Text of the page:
Construction of two school buildings as part of this Global Holcim Awards Gold-winning project is now complete, with interior fit-out including windows, doors and floors to follow. The two classroom buildings are the first of twelve planned were in use as soon as they were built. They were in use without waiting for completion of interior fit-out – such is the demand for places. Architect Francis Kéré, originally from the village and now practicing in Berlin, has revived traditional building methods and materials which are combined with contemporary building technologies.
Francis Kéré, originally from the village and now a practicing architect in Berlin, has revived traditional building methods and materials which are combined with contemporary building technologies. The principal building material is clay: which is abundant locally. Construction is carried out entirely by people from the village and is crucial to the sustainability of the project.
In terms of construction, the secondary school, which is an additional phase of the project, displays a radical new innovation that goes beyond techniques used in Francis Kéré’s earlier projects. Clay is no longer made into individual bricks: instead, the walls of the secondary school are made by pouring the mixture of clay, gravel, and cement into a mold, producing larger sections. In this sense, clay can be cast just like concrete. The clay no longer has to be sifted – it can be used as it is when dug out of the ground, saving time and energy. Traditional material can be combined with modern materials and methods to produce a sustainable form of architecture.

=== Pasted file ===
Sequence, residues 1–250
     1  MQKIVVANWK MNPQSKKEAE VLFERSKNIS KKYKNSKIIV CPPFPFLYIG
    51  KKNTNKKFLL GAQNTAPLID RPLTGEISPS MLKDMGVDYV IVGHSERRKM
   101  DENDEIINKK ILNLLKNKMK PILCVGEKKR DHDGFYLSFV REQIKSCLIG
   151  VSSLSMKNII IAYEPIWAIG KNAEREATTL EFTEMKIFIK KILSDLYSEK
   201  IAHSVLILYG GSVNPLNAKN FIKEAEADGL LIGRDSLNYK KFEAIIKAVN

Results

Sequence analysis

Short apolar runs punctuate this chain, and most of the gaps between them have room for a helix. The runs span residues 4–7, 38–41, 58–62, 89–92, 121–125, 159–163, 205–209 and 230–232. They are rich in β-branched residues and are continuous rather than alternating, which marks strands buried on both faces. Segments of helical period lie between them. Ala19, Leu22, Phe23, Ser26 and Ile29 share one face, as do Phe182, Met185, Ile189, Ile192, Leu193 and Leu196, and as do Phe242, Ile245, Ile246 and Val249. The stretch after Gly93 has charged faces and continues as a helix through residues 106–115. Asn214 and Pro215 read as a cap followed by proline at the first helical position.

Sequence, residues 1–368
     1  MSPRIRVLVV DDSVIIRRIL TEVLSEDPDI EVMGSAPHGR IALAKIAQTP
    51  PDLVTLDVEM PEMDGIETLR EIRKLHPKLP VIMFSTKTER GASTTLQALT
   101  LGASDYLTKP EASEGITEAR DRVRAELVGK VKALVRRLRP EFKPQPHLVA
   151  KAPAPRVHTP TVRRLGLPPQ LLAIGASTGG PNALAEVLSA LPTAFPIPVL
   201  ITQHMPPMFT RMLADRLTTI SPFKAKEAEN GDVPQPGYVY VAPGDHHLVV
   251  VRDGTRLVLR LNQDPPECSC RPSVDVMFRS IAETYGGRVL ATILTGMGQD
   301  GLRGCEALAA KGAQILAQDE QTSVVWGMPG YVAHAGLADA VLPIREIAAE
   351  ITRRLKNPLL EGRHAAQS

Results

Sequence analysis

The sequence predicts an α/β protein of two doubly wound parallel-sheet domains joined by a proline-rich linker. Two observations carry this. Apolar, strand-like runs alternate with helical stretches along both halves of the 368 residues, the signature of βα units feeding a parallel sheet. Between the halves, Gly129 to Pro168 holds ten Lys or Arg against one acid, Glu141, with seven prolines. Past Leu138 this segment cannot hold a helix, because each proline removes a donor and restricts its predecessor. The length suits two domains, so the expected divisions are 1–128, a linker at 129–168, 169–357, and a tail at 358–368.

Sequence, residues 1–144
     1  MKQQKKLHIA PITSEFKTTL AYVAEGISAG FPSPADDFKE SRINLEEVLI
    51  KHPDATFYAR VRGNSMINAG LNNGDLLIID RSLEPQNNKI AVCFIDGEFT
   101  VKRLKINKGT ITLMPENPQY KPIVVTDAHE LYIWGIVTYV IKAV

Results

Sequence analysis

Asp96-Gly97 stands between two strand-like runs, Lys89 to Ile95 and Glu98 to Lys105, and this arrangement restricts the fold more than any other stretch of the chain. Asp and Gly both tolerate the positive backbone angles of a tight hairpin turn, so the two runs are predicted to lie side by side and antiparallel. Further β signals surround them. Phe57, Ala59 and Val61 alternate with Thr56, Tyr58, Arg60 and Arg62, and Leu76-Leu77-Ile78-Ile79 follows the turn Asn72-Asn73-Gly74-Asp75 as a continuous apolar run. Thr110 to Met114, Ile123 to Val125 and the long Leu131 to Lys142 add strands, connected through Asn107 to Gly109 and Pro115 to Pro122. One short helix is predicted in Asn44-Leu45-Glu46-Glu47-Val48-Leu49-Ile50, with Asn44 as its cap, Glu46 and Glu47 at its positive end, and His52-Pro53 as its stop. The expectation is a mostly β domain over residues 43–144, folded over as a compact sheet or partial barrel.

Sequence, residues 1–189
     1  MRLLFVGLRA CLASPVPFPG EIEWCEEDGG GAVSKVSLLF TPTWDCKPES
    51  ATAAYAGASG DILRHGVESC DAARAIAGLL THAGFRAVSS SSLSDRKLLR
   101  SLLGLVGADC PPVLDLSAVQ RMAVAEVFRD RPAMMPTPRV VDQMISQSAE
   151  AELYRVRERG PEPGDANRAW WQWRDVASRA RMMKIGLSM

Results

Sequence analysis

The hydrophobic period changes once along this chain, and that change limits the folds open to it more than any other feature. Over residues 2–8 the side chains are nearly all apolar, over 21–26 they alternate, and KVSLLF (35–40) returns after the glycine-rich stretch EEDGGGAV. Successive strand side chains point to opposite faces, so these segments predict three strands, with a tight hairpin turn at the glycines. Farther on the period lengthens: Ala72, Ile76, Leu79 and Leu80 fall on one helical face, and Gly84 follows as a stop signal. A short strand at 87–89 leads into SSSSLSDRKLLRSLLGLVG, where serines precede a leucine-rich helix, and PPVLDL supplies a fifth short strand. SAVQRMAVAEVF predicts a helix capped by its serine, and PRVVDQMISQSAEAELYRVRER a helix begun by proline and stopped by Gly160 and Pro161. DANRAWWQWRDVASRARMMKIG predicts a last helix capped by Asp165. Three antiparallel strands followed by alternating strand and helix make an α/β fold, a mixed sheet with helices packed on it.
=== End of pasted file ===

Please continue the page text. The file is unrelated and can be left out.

Education is the starting point of development. However, in a community such as Gando, it is essential to serve the broader needs of the people. Therefore, complementary projects including a library, women’s center, new wells, a vegetable garden, and a mango tree nursery are being added.
The secondary school complex will eventually consist of twelve classrooms, teachers’ housing, offices, and a circular building (library and meeting hall). Between the classrooms, a shaded area gives pupils space to study or relax. In the style of traditional compounds, a wall will surround the secondary school, protecting it from wind, dust and sandstorms.